There wasn’t really much time to do anything on this short one-hour flight, so I set about doing what I could do document various aspects of the South African Airways business class experience. First, I flicked through the Airscape entertainment system to get an idea of what movies or shows I might be able to watch on a longer flight. The selection wasn’t very broad, but at least there was a decent number of new releases to watch.
I also tried to check out South African’s airshow software, but unfortunately the moving map feature wasn’t working at all.
I then decided to put my seat into lie-flat mode just to see what it’s like. That in itself was quite the experience.
Most airlines try to make their seat movements as smooth as possible, allowing the passenger to feel as though they’re gliding from the seated position into the reclining position, and then into lie-flat mode. But here on the South African A340, when I pressed the button, the various components of the seat jerked into motion, making an awful, rickety, creaking noise along the way.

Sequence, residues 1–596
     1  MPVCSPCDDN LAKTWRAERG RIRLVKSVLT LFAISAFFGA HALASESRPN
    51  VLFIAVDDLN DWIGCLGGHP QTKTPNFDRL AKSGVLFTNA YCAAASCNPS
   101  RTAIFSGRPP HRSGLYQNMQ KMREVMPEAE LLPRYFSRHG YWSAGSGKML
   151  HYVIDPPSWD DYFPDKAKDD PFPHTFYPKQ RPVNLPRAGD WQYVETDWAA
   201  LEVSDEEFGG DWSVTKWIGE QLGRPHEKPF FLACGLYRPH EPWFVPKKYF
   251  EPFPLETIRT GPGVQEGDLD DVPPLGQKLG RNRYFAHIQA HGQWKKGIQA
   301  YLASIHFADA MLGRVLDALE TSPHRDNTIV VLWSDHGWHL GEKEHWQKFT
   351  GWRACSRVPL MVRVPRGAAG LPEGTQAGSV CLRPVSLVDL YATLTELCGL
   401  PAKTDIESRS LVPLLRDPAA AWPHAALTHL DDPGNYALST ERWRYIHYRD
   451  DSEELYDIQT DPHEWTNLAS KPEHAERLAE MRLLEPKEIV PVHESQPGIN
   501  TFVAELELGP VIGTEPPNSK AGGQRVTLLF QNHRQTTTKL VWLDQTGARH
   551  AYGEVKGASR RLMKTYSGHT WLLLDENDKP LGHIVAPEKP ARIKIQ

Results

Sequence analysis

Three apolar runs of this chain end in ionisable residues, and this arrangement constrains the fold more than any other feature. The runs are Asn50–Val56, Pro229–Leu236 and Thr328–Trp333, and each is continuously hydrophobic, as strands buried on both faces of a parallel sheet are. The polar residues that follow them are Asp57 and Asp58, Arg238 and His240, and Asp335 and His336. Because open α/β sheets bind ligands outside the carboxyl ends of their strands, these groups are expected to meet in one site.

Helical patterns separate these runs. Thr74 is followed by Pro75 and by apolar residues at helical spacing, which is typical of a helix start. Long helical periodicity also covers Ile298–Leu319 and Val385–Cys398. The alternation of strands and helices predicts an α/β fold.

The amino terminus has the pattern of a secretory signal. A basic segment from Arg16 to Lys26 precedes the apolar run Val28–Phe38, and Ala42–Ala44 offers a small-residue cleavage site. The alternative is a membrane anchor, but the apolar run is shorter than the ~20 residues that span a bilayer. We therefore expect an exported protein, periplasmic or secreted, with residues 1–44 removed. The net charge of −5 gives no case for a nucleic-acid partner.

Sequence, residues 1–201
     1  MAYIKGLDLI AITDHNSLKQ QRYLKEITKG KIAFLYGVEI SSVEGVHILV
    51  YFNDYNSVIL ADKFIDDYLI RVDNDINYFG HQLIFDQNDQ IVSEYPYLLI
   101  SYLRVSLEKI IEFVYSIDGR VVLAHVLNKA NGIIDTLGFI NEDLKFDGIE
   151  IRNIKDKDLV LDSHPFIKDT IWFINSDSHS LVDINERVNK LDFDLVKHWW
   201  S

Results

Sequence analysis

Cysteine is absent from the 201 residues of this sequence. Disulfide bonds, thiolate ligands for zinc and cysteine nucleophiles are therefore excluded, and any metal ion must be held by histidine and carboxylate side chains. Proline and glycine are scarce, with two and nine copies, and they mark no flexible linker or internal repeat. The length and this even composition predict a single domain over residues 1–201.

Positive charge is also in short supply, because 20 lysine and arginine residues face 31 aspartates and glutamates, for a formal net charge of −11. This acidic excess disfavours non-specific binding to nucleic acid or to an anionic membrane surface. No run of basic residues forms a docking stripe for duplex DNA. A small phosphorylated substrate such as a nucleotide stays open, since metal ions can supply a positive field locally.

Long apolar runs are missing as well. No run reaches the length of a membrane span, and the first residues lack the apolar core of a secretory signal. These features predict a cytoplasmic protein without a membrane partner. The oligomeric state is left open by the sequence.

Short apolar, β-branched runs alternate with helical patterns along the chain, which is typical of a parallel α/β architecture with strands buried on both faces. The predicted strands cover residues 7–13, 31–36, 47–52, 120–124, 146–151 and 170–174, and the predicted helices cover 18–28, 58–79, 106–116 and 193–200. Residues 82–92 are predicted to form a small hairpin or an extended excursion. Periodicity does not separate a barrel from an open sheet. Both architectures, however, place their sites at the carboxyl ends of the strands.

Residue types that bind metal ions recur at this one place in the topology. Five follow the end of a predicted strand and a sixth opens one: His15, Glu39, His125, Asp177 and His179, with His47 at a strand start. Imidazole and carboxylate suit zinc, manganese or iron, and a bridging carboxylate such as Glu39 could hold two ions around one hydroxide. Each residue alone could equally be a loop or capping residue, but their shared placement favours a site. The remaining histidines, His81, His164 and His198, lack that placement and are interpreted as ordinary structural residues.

Just from the noise, you could tell that this business class product is badly in need of replacing. Even though these seat controls were probably on par with the industry standard back when they were introduced, nowadays the noise alone made the seat seem like it could fall apart at any second.
In terms of the lie-flat seat itself, it’s angled downwards very slightly and there are a few kinks in the seat cushions. I’d consider it to be not quite lie-flat lie-flat, but pretty close.
I then headed to the business class restroom, hoping that South African Airways could at least get something right…
…only to be let down yet again (but not really) when I discovered this cabinet door that was hanging open and just wouldn’t stay shut.
Back at my seat, the crew had begun the in-flight snack service. I was offered a small plate consisting of a few pieces of charcuterie and a muffin, along with a drink of my choice – I had some cranberry juice. Honestly, this little snack was pretty tasty, and was probably the highlight of the entire flight.